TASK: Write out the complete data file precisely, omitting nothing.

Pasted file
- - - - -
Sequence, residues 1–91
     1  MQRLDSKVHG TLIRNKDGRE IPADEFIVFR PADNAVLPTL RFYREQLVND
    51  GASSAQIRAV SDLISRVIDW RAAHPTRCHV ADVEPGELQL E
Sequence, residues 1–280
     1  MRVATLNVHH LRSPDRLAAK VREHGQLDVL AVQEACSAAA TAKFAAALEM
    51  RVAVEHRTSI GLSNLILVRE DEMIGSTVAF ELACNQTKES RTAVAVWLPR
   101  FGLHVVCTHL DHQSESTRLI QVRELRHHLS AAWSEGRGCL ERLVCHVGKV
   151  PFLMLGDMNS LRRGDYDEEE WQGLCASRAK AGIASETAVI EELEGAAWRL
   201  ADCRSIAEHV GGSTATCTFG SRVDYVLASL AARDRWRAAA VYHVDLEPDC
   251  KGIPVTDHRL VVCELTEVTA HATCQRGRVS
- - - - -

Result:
Sequence, residues 1–91
     1  MQRLDSKVHG TLIRNKDGRE IPADEFIVFR PADNAVLPTL RFYREQLVND
    51  GASSAQIRAV SDLISRVIDW RAAHPTRCHV ADVEPGELQL E
Sequence, residues 1–280
     1  MRVATLNVHH LRSPDRLAAK VREHGQLDVL AVQEACSAAA TAKFAAALEM
    51  RVAVEHRTSI GLSNLILVRE DEMIGSTVAF ELACNQTKES RTAVAVWLPR
   101  FGLHVVCTHL DHQSESTRLI QVRELRHHLS AAWSEGRGCL ERLVCHVGKV
   151  PFLMLGDMNS LRRGDYDEEE WQGLCASRAK AGIASETAVI EELEGAAWRL
   201  ADCRSIAEHV GGSTATCTFG SRVDYVLASL AARDRWRAAA VYHVDLEPDC
   251  KGIPVTDHRL VVCELTEVTA HATCQRGRVS